“Facebook is a medium in which people all over the world can connect on a personal and professional basis,” Garcia said. However she states it has both its advantages and disadvantages.

Offline: Mrs. Garcia’s take on Facebook Addiction
Offline: Mrs. Garcia’s take on Facebook Addiction

“While many people use it to either connect to their family and friends by sharing recent pictures and stories, promoting a product and connecting to a wider market, or police investigators  using it to solve crimes; many people use it as a tool to commit crimes such as identity theft, stalking, assault and even murder,” she said.

Though not directly linked to Facebook addiction, Garcia mentions accounts of cyber bullying.

“I have dealt with students who have been victims of cyber bullying via Facebook, which has turned physically violent right here on campus, all because of what was posted on Facebook the night before,” she said.

This is why she educates her students on Facebook etiquette.

“I educate my students of the appropriate use as well as the dangers of Facebook in hopes that they will listen and use caution while they are on Facebook.”

Garcia encourages her students to reduce the amount of time spent on the site, especially when spending more time on the site than on studying for class assignments.

In addition, Garcia states that self-acknowledgement and willingness to get help for an addiction are key steps, an addict can take.

“While there are only programs for drug, alcohol, and sex addiction I am not sure about a program for Facebook Addiction,” Garcia said. “However, individuals can seek support from family and friends who are not addicted to Facebook themselves.”

Mrs. Patricia Towal, UVI Career Services Supervisor and  guidance counselor, has experience in helping students overcome social media problems, including that of Facebook.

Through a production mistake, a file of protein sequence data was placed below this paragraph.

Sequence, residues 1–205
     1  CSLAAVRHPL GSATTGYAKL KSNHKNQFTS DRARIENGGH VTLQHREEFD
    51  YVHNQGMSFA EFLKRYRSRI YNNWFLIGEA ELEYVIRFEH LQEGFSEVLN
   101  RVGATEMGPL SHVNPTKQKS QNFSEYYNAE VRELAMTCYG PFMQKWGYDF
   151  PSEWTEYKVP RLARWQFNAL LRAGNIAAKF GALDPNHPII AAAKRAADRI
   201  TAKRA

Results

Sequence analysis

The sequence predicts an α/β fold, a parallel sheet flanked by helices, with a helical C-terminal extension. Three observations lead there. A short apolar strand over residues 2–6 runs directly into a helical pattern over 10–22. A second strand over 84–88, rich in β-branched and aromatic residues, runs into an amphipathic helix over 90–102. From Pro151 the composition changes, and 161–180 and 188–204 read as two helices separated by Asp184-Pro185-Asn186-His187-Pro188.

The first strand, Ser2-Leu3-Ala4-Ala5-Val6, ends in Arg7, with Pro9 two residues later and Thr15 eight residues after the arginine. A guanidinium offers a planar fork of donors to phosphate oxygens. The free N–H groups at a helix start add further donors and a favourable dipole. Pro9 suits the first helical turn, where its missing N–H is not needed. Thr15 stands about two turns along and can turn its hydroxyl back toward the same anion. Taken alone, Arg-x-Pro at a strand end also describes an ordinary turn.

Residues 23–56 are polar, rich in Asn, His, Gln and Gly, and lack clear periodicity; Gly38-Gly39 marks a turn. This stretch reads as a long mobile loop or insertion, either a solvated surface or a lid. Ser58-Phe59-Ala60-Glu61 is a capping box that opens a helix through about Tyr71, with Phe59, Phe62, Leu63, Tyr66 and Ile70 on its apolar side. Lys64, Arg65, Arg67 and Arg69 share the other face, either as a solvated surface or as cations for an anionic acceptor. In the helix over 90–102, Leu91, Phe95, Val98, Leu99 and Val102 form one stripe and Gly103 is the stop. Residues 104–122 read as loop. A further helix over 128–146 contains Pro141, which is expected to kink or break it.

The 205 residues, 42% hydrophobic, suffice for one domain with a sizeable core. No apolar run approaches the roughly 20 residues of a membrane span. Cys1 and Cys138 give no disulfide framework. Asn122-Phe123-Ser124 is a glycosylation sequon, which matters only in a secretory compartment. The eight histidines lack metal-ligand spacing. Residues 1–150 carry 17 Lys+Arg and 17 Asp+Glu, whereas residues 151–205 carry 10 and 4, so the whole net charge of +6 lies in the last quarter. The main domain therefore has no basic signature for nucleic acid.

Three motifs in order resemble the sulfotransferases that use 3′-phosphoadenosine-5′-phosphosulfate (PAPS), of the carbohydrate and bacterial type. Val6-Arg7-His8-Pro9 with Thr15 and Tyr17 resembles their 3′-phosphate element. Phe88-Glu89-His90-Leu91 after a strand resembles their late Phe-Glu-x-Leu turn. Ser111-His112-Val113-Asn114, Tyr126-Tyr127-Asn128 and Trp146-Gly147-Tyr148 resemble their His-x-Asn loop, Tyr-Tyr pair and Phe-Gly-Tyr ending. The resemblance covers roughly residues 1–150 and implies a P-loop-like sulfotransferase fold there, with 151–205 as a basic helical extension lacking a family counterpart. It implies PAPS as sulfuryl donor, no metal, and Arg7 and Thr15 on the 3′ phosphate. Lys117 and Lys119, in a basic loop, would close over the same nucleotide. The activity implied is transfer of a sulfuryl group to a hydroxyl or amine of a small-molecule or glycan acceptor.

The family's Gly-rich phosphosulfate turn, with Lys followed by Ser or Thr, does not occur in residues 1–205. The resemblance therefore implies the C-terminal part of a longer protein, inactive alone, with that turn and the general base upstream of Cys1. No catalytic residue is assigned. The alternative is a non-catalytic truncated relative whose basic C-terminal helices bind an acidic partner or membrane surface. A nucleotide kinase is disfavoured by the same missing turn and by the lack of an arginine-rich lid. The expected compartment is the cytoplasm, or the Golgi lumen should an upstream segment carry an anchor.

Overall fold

Face to Face: Patricia Patricia Towal provides information about Facebook Addiction
Face to Face: Patricia Patricia Towal provides information about Facebook Addiction

“Yes, I have dealt with students on the problem of Facebook Addiction,” Towal said. “In fact, the faculty has discussed the matter of students spending too much time on Facebook.”

Towal mentions it can me tempting and distracting.

Referencing an episode of Star Trek, Towal recounts when two members of the crew were fascinated in playing a game and when more crew members became involved, nothing else was done.

Despite not having a Facebook account, Towal believes Facebook has many uses and can be an asset, yet says that it can be destructive when out of control and unsupervised.

“In general, social media is so comfortable that people develop an alter ego doing stuff regrettably and unusual– not normal,” Towal said.

Towal, like others, shared tips to overcoming Facebook Addiction.

“First, a person has to realize their awkwardness with the quantity of time spent on Facebook,” Towal said. “Second, once awareness of addiction has been realized, set a plan.” A plan which may include a limit or bar of oneself from Facebook.

“Finally, be disciplined and firm on going through with the plan.”

If one follows the advice mentioned, he or she can begin to live a healthier life without the constraint of social networking.

Kappa Gamma’s Freestyle Fridays a success